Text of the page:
The World Bank surveyed on a global scale and found that 68% of the world’s population has access to basic sanitation. In 2020, this is an absolutely shocking figure to imagine. According to Plan International, in the UK alone, this translates to more than one in ten girls who have to improvise sanitary wear due to affordability issues. This is even more challenging among Black communities with Black workers earning 23.1% less on average than White workers. The most surprising figure of them all – if you’re from an ethnic minority you’re 35.7% more likely to live in poverty in the UK.
But with the added stress of Coronavirus income insecurity has affected many households. Living through these crazily uncertain times without even being able to talk about your period makes it even harder. I saw a really inspiring article in Teen Vogue that really summarised why menstruation is overshadowed for Black women. A quote by menstrual advocate Cece Jones Davies resonated with me. It said:
“Black women have historically believed ourselves to be ‘wrong’, whether our bodies or hair. Our experience amongst an Anglo majority has given us deep-seated issues with the way we show up the world. And so, it is a natural progression for us to not have healthy relationships with our bodily processes, namely menstruation.”
Not only does this explain why there is a huge taboo, but it also goes on to highlight the nature of this problem has been deep seeded for generations.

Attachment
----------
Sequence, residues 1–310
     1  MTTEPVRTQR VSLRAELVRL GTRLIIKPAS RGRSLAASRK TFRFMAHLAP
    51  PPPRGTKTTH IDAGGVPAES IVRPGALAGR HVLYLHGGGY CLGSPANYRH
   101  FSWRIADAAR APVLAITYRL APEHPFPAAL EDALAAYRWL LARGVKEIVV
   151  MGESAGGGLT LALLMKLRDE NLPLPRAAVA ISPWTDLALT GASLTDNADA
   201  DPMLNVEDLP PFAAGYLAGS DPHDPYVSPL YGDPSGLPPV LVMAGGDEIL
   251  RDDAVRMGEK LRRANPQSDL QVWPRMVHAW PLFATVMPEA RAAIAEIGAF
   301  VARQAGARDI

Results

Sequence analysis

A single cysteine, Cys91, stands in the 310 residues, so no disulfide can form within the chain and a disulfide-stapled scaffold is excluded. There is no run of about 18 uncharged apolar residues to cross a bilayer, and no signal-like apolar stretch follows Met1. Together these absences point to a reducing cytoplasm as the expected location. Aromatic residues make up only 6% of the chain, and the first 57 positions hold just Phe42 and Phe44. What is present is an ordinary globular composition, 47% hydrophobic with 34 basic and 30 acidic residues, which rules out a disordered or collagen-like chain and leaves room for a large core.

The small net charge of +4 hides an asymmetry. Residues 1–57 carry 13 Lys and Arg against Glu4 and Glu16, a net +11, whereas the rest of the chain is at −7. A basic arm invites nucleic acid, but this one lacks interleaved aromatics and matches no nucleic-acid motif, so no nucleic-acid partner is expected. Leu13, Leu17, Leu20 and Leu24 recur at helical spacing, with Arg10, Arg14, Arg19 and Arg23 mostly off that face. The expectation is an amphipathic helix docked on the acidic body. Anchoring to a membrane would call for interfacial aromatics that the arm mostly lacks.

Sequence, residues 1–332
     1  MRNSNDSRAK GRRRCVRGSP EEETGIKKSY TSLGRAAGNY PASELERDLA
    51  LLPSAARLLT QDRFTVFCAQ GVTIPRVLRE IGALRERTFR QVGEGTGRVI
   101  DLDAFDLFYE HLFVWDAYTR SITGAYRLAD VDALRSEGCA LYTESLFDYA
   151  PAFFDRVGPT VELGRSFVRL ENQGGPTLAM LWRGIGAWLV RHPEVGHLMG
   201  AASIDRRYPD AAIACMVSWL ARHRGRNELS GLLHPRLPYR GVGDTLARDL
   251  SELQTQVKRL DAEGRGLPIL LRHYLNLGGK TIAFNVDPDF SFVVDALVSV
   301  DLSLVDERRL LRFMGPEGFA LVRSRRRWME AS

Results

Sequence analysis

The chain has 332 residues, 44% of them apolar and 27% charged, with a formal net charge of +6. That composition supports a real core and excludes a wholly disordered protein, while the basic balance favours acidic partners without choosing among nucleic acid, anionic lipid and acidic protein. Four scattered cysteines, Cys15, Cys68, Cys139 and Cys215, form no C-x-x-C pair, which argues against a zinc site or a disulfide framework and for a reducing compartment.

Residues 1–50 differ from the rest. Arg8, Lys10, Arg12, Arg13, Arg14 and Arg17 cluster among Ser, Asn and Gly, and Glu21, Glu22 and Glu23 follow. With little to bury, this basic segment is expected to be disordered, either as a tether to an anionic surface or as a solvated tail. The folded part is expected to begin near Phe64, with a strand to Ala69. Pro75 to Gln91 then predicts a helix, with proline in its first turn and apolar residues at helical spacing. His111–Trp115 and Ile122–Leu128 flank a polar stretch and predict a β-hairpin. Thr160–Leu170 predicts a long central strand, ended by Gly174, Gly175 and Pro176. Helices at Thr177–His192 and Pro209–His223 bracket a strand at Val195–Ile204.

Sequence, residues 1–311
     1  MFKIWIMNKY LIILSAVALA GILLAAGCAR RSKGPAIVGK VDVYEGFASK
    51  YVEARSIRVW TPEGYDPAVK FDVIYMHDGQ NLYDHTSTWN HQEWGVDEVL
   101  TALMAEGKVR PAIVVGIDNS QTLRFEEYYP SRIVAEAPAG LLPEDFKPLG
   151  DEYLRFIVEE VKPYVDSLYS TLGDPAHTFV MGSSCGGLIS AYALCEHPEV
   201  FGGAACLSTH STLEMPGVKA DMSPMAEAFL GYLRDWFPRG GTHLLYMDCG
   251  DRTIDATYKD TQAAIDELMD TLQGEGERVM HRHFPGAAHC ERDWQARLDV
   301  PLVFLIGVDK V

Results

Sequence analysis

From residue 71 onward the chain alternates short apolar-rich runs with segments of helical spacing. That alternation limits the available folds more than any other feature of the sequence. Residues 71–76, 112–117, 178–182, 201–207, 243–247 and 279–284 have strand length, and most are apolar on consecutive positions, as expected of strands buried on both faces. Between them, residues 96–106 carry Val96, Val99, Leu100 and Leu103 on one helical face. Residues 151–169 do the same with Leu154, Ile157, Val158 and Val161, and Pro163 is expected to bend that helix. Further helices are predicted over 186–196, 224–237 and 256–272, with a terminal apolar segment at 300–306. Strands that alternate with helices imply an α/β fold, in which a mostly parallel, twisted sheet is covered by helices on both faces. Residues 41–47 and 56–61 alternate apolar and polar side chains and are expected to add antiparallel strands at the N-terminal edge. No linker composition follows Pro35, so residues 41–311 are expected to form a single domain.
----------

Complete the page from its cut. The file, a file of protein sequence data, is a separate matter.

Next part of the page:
Shedding a spotlight on the Black community, Faace’s new USA based partner, PERIOD, is dedicated to providing resources to ensure Black women have proper access to products and resources. In the US, they are serving people in cities most impacted by the racial justice demonstrations. These organisations include: Black Lives Matter – Greater NY, Miss Liberia, No More Secrets and Women For Political Change. Partnering with such meaningful organisations that stand up for injustices are really helping women feel empowered and safe.
A huge factor that gets underplayed about period poverty is the fact that it can truly affect your mental health. This is already a challenge in the US with African Americans being 10% more likely to experience serious psychological distress, according to the Health and Human Services Office of Minority Health. These disparities are huge contributors, which will worsen your mental wellbeing in the long-term.
While this remains a taboo, there are so many women from ethnic minorities who are admirable menstrual activists and fighting against period poverty. Here are some notable names to mention: Amika George, Manjit K Gill, Nikita Aashi Chadha and the list goes on. Period poverty has drastically improved since notable campaigns and charities are coming together to support the cause. We need to continue opening up about our natural bodily processes and finding ways to help future generations. I’ll leave you with this thought – when a girl misses a day of school because of period, cumulatively this puts her behind her male classmates by 145 days. We need to stand together.
Written by lifestyle journalist & futurist @disha_daswaney